This photochrome print is from “Views of the Austro-Hungarian Empire,” a selection of photographs of late-19th century tourist sites in Eastern and Central Europe (formerly known as the Austro-Hungarian Empire) that was part of the catalog of the Detroit Publishing Company. It depicts the section of Budapest that, since 1920, has been called Lujza Blaha Square, named after a popular actress. The back of the old National Theater, which was demolished in 1965 to make way for the construction of an underground metro station and tunnel, is visible on the ...
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Library of Congress
Margaret's Isle, Budapest, Hungary, Austro-Hungary
This late-19th century photochrome print is from “Views of the Austro-Hungarian Empire” in the catalog of the Detroit Publishing Company. It depicts an elegant building on Margaret Island (Margitsziget, in Hungarian), a 2.5-kilometer long island in the Danube River in central Budapest. According to Baedeker’s Austria, Including Hungary, Transylvania, Dalmatia, and Bosnia (1900), the island was “the property of Archduke Joseph, who has converted it, at an outlay of several million florins, into a most delightful park.” Margaret Island was named for Saint Margaret (1242-70), the daughter of ...
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Library of Congress
Travels in South Africa in the Years 1849 to 1857
László Magyar (1814-64) was a Hungarian explorer who lived for 17 years in Angola and made important contributions to the study of the geography and ethnography of equatorial Africa. He was trained as a naval officer and served in the naval forces of Austria and Argentina. In 1846, he undertook his first expedition in Africa, a voyage up the Congo River. Magyar subsequently married a daughter of the King of Bihé and used his family connections to gain access to interior regions of the continent. Accompanied by a royal guard ...
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Library of Congress
László Magyar's Travels in Southern Africa Between 1849 and 1857
László Magyar (1814-64) was a Hungarian explorer who lived for 17 years in Angola and made important contributions to the study of the geography and ethnography of equatorial Africa. He was trained as a naval officer and served in the naval forces of Austria and Argentina. In 1846, he undertook his first expedition in Africa, a voyage up the Congo River. Magyar subsequently married a daughter of the King of Bihé and used his family connections to gain access to interior regions of the continent. Accompanied by a royal guard ...
Contributed by
Library of Congress
Boy Driving Horse-Drawn Wagon Loaded with Baskets, Hungary
This photograph of a scene near Budapest, Hungary, is from the Frank and Frances Carpenter Collection at the Library of Congress. Frank G. Carpenter (1855–1924) was an American writer of books on travel and world geography, whose works helped to popularize cultural anthropology and geography in the United States in the early years of the 20th century. Consisting of photographs taken and gathered by Carpenter and his daughter Frances (1890–1972) to illustrate his writings, the collection includes an estimated 16,800 photographs and 7,000 glass and film ...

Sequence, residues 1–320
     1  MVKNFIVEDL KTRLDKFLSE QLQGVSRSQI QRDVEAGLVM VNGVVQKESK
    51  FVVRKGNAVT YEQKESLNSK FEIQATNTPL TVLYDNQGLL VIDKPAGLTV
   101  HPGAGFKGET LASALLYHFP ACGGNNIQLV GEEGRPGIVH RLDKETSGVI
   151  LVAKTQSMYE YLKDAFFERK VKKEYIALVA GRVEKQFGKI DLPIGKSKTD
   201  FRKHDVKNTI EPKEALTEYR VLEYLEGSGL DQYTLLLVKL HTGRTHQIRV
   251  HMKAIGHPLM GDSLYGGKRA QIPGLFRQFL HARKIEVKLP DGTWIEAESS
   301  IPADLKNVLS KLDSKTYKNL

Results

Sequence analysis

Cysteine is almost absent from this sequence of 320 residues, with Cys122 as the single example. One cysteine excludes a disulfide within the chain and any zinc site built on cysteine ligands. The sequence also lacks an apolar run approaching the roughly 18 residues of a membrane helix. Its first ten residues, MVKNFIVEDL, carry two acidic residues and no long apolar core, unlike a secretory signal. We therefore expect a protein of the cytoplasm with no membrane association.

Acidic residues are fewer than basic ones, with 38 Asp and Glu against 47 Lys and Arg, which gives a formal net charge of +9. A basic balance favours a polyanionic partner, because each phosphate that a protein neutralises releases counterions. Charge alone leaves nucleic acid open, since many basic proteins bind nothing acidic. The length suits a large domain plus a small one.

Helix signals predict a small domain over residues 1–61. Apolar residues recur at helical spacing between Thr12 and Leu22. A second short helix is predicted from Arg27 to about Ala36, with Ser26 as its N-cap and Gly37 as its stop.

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Library of Congress
People, Including Children, in Market, Hungary
This photograph of a market scene in Hungary is from the Frank and Frances Carpenter Collection at the Library of Congress. Frank G. Carpenter (1855–1924) was an American writer of books on travel and world geography, whose works helped to popularize cultural anthropology and geography in the United States in the early years of the 20th century. Consisting of photographs taken and gathered by Carpenter and his daughter Frances (1890–1972) to illustrate his writings, the collection includes an estimated 16,800 photographs and 7,000 glass and film ...
Contributed by
Library of Congress
Man in Field with Bundles of Grain, Hungary
This photograph of an agricultural scene in Hungary is from the Frank and Frances Carpenter Collection at the Library of Congress. Frank G. Carpenter (1855–1924) was an American writer of books on travel and world geography, whose works helped to popularize cultural anthropology and geography in the United States in the early years of the 20th century. Consisting of photographs taken and gathered by Carpenter and his daughter Frances (1890–1972) to illustrate his writings, the collection includes an estimated 16,800 photographs and 7,000 glass and film ...
Contributed by
Library of Congress
People Working in Vineyard, Hungary
This photograph of an agricultural scene in Hungary is from the Frank and Frances Carpenter Collection at the Library of Congress. Frank G. Carpenter (1855–1924) was an American writer of books on travel and world geography, whose works helped to popularize cultural anthropology and geography in the United States in the early years of the 20th century. Consisting of photographs taken and gathered by Carpenter and his daughter Frances (1890–1972) to illustrate his writings, the collection includes an estimated 16,800 photographs and 7,000 glass and film ...
Contributed by
Library of Congress